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Raphael with a Dagger

To: alt.magick
From: (Paul Hume)
Subject: Re: Raphael with a Dagger
Date: 2 Nov 2002 05:32:38 -0800

> In western culture, and perhaps some eastern cultures as well, the
> sword has become a symbol of authority, serving a function, at least
> symbolically, similar in many ways to the ceremonial mace. The sword
> of a commissioned officer, indicative of his right to command, comes
> to mind, as well as Excalibur, and the sword used to convey
> knighthood, the power to mete justice and the right to bear arms in
> the name of a monarch. 

Oh no question on the symbolism of swords in our own culture
(descended, however romantically, from the mediaeval). As you noted (I
think it was you) it took a relatively advanced tech to make a
sword-like weapon, whereas dagger, spear (a dagger on a stick), axe,
and club/mace are much earlier. But a sword takes work - even in a
non-metallurgical culture like Mesoamerica or Polynesia, which made
hardened wooden swords, and edged them with obsidian or shark's teeth

Several Roman writers mention that a sword was more of a status weapon
than an axe or spear in the German tribes, because of the amount of
metal it required, and the smithing skill you had to possess or pay
for to get one made (or the prowess it took to take one off an enemy).

And that's not even getting into the symbology of the sword in, oh say
f'rinstance, Japan!

> Besides, have you ever looked closely at what most occultists of my
> experience call a "sword"? For the most part, they're sword-shaped,
> low quality, flat steel bars, with a handle on one end, and something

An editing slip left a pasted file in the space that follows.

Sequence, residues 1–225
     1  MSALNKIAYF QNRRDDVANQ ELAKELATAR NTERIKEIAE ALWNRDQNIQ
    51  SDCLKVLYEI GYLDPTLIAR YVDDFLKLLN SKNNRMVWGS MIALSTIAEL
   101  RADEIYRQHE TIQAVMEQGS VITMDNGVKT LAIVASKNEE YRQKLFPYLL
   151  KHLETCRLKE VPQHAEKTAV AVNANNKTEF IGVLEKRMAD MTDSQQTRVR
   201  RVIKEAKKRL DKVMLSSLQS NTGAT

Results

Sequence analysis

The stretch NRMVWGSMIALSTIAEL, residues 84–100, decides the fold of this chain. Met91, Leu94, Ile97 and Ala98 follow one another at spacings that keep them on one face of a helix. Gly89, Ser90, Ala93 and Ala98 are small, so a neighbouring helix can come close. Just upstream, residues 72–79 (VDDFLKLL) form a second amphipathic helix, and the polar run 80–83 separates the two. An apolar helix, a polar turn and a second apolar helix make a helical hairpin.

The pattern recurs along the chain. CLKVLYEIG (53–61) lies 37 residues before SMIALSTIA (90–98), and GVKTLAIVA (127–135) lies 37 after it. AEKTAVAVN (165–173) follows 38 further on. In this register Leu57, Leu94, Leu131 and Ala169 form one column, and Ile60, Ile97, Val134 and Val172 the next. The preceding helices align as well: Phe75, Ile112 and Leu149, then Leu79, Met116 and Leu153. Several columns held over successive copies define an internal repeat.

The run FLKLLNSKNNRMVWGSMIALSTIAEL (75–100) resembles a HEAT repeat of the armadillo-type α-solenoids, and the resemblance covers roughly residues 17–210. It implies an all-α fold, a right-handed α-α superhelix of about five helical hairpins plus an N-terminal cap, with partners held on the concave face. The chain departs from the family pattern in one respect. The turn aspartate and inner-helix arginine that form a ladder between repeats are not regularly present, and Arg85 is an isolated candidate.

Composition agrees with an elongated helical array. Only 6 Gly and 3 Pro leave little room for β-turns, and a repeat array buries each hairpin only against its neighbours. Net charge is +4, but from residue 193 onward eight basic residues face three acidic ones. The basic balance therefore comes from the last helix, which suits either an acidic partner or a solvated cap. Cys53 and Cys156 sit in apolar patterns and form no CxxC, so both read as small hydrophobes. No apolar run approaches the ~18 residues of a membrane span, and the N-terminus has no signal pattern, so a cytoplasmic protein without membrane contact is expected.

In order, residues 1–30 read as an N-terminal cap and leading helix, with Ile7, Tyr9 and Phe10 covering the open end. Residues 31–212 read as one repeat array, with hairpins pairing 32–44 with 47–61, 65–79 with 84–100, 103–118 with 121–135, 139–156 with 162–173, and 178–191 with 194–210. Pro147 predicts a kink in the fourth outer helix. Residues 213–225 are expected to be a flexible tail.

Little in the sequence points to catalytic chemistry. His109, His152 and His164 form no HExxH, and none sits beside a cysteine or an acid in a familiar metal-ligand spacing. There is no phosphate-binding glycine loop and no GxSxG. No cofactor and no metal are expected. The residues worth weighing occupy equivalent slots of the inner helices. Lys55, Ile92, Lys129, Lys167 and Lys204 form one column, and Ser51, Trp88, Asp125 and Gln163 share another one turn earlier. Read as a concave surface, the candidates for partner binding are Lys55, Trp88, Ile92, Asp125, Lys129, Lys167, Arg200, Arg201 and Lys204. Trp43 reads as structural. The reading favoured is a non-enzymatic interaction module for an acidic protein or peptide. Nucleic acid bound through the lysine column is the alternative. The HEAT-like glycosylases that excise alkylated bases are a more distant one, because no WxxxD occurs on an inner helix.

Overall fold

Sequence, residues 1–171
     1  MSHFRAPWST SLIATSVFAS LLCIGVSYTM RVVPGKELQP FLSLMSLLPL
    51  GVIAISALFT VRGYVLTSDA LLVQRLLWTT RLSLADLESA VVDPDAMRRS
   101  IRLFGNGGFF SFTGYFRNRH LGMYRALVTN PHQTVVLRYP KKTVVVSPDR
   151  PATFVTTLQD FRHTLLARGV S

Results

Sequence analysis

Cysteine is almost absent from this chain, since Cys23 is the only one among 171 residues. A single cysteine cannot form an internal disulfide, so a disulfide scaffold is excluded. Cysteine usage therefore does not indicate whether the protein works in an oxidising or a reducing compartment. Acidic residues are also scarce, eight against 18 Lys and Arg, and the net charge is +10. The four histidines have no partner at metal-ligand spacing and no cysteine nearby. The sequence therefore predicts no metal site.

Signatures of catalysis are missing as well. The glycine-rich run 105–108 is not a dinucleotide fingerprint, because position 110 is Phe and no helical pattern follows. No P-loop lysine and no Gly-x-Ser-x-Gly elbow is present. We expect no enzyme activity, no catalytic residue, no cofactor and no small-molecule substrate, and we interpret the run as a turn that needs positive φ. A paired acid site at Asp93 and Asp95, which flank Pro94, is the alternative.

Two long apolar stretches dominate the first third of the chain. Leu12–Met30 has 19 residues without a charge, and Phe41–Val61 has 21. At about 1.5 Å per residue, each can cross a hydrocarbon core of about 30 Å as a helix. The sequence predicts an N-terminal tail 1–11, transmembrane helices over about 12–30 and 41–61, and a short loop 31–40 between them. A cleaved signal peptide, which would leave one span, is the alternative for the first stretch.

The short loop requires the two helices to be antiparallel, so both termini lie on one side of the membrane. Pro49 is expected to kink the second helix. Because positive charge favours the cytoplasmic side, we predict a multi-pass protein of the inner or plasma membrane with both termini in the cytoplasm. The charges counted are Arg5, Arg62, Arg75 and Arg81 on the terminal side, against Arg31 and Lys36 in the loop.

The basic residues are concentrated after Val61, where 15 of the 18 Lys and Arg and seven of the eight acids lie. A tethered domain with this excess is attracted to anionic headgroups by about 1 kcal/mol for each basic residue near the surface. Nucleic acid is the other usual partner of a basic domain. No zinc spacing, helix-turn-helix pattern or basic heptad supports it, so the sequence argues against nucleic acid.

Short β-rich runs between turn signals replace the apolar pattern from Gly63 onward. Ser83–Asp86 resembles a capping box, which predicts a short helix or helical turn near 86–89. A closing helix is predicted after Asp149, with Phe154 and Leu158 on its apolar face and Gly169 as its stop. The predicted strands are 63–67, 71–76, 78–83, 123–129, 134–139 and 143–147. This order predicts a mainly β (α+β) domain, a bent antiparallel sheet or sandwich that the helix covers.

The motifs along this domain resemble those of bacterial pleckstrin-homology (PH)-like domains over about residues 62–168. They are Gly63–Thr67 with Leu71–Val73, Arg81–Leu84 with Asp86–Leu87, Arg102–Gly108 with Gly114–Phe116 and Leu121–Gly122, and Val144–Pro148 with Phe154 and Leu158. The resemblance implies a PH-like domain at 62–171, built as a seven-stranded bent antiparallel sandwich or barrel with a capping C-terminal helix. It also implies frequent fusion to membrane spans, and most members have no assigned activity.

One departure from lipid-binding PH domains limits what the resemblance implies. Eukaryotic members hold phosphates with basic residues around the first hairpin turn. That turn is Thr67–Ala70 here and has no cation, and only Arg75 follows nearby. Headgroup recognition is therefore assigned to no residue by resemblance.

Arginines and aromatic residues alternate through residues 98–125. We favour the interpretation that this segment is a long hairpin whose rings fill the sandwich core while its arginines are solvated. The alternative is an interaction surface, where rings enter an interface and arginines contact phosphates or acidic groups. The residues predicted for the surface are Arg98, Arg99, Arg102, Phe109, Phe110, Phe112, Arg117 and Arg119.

> approximating a point on the other. Despite appearances, they're not
> what anyone familiar with the genuine article would take for a sword.

Swords were always relatively expensive, and good swords today, when
they are not mass produced, are more expensive. I have a couple of OK
blades, though nothing I'd carry into combat. But many magicians don't
have that familiarity with live blades.

WHich in turn brings up an interesting sidelight on the sword as
magical weapon. Now it's not that I am that good with one...I'm not. I
was a pretty fighter in the SCA, but also usually a dead one (g). I
fenced badly for a bit in college and studied stage combat as an
actor. Aikido includes some sword forms, but I never did hands on
kenjutsu or iaido study, so am not expert there either. Nonetheless, I
know the basics of how to use a sword in combat and that colors my
relationship with the magical weapon.

I was in a loose discussion group which included a magician I think of
as having his chops really down, a Brother I do and did respect - so
we were both surprised to find we were continually disagreeing on the
symbolism, handling, and consecration of the magical sword...until I
mentioned a point of usage in fencing and he mentioned he had no
experience of the sword except as a magical tool. We backtracked over
the discussion and it seemed to us that every point of difference we
had discovered sprang from that disparity in the background.

Now I am not extolling being a sword jock (even an inept one) over
knowing the sword only as a magical weapon. It seems to me offhand
that this is the only one of the principle weapons where such
disparity of experience is even likely to occur, ie. everyone has
drunk from a cup and eaten from a plate (g). But what is important is
to know where in one's experience the perception of SWORD comes from.

Whew...ramble mode is on this morning. Sorry.


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